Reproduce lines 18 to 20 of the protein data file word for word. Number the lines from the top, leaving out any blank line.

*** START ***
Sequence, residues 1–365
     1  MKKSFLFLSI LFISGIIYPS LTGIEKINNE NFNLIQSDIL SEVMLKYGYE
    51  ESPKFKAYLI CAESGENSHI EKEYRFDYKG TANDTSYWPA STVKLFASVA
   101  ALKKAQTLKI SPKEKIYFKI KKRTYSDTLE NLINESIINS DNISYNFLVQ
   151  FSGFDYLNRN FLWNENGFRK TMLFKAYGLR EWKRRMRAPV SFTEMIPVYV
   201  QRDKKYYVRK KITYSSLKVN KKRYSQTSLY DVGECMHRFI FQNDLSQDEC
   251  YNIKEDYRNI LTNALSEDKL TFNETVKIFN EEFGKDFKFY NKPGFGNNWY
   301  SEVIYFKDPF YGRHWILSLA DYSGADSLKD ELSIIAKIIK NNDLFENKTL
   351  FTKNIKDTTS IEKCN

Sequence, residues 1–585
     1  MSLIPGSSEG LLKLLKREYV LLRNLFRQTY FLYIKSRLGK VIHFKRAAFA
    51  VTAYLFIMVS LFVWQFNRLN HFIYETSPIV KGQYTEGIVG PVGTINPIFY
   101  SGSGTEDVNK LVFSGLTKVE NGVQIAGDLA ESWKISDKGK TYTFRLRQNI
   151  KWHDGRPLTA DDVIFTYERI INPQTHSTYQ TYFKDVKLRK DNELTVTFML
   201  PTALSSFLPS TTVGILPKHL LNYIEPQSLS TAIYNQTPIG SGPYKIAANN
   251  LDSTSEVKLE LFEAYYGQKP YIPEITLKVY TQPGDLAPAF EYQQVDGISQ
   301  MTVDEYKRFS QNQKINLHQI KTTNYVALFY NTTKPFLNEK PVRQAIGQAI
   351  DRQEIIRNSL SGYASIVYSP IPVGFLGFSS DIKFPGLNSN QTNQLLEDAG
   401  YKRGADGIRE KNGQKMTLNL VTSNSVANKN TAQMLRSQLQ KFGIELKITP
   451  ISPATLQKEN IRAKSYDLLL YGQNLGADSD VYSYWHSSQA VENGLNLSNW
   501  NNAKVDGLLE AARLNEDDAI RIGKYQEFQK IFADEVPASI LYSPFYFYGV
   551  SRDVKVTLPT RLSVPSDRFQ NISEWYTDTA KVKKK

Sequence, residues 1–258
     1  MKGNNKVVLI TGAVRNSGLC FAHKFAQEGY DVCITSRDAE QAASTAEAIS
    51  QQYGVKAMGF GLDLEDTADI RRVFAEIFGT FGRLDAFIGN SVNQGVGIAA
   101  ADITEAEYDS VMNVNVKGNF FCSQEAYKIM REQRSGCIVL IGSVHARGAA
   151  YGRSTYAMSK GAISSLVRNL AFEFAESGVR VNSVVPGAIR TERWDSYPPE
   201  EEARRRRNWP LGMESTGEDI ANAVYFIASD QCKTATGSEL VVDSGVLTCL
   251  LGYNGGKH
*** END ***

   351  DRQEIIRNSL SGYASIVYSP IPVGFLGFSS DIKFPGLNSN QTNQLLEDAG
   401  YKRGADGIRE KNGQKMTLNL VTSNSVANKN TAQMLRSQLQ KFGIELKITP
   451  ISPATLQKEN IRAKSYDLLL YGQNLGADSD VYSYWHSSQA VENGLNLSNW